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The Visual Cortex is not a Strictly Ascending Computational Pipeline; The Same Pipeline has Descending Computations Directed by Attention

Hermann von Helmholtz, pioneer of experimental psychology, is considered the first scientist to provide an experimental demonstration of covert attention (ca. 1860). Looking into a wooden box through two pinholes, Helmholtz would attend to a particular region of his visual field (without moving his eyes in that direction). When a spark was lit to briefly illuminate the box, he got an impression of only the objects in the region he had been attending to, thus showing that attention could be deployed independently of eye position and accommodation. Humans deploy covert attention routinely in many everyday situations, such as searching for objects, driving, crossing the street, playing sports and dancing. Covert attention allows us to monitor the environment and guides our eye movements, known as overt attention, to locations of the visual field that are salient and/or relevant.

The mechanism in the brain that enables this functionality has remained elusive over the many decades since Helmholtz. In a string of papers from 1987 to the present, Tsotsos and colleagues have described a theory of visual attention that proposed a solution. Known as the Selective Tuning model, this theory described the reasons for, the representation of, and the mathematical formalisms of how a top-down flow of computations within the visual cortex could enable the ability to covertly attend to a location of interest in a visual field. Although several other aspects of the theory have now received significant experimental support, the part dealing with this particular computation had not , until this paper :

Bartsch,M., Merkel, H., Strumpf, C., Schoenfeld, M. A.,Tsotsos, J.K., Hopf,J.-M., A cortical zoom-in operation underlies covert shifts of visual spatial attention, Science Advances 9(10), March 8, 2023, https://www.science.org/doi/10.1126/sciadv.ade7996

The lead author Mandy Bartsch is with the Leibniz-Institute for Neurobiology in Magdeburg Germany and the Donders Institute for Brain, Cognition and Behaviour, Radboud University Nijmegen, Netherlands. The research director Jens-Max Hopf is with the Leibniz-Institute for Neurobiology and the Otto-von-Guericke University, both in Magdeburg, Germany. The remaining study authors are from Germany and Canada. Experimental work was performed in Hopf’s lab examining human subjects with MEG imaging (magnetoencephalography).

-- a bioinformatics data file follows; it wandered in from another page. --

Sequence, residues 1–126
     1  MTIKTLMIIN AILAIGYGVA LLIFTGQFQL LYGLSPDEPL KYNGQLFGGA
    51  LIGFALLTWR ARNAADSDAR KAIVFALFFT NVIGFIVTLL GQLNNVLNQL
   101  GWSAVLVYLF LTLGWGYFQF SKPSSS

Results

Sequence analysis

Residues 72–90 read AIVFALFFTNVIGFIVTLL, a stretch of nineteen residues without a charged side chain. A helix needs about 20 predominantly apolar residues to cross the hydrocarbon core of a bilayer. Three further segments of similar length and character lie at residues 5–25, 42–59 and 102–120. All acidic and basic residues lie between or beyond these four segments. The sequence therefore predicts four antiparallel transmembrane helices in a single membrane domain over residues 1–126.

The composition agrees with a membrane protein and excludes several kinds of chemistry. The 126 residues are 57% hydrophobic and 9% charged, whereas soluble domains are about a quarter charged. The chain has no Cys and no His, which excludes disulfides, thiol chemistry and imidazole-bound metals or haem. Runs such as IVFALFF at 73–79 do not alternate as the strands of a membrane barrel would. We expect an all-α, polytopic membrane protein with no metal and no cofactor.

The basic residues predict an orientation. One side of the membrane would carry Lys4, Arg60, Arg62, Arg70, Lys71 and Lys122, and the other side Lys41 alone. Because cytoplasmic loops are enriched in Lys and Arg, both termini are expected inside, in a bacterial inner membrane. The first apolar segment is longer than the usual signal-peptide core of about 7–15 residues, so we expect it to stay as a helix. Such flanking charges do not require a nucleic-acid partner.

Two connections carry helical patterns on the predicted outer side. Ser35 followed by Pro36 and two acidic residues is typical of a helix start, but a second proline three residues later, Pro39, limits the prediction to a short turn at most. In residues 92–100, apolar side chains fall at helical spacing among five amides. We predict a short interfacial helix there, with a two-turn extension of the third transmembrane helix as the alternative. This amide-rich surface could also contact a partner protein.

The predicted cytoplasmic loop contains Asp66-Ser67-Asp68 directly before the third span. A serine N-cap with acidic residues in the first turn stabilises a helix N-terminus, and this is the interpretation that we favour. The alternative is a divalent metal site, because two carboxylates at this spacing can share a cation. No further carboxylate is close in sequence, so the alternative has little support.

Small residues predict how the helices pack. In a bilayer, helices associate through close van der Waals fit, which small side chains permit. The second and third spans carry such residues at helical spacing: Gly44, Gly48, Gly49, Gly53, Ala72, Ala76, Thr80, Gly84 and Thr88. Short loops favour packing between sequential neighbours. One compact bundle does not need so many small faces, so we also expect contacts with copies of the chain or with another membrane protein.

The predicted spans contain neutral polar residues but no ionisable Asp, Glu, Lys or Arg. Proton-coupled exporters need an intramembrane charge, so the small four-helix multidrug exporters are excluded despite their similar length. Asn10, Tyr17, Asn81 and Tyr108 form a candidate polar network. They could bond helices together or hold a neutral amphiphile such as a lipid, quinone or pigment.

Classically, visual processing has been considered as a separate module of the brain, as an input source, where processing is entirely accomplished in a feedforward manner, from input at the eyes towards moving higher levels such as prefrontal cortex. This is the view in the classic 1980 David Marr volume, has been a mainstay of most research whether biological or computational since then, and is incorporated usually tacitly within virtually all modern machine learning methods for visual processes. Any recurrence or feedback within this view has played a supporting role only by potentially modulating or biasing the feedforward computation.

Although there have been many proposals for how top-down processing might function in vision, none have been sufficiently detailed nor corroborated to enable predictions to be neurophysiologically tested. The Selective Tuning model, on the other hand, can be so tested. Now, the Bartsch et al. paper shows a major processing functionality as Selective Tuning prescribed, that challenges the feedforward view, namely, that visual processing can also occur in a different manner – from higher levels towards early ones, specifically for the computation of a critical element for all physical behavior, stimulus location.

The ability to localize a visual element within a scene is critical not only for its specific analysis but also to direct any motor behavior that might wish to affect that location (eye movement, grasping, locomotion). This top-down processing functionality is essentially as important as the feedforward function; the latter provides identity while the former provides location. In addition to solving a decades-old mystery, this work is the first to show that the visual cortex – and thus potentially any sensory brain area – plays a far more complex role in intelligent behavior than has been previously acknowledged. The human visual cortex is not a strictly an ascending computational pipeline as has been the dominant belief for decades. The same pipeline also performs descending computations directed by attention.


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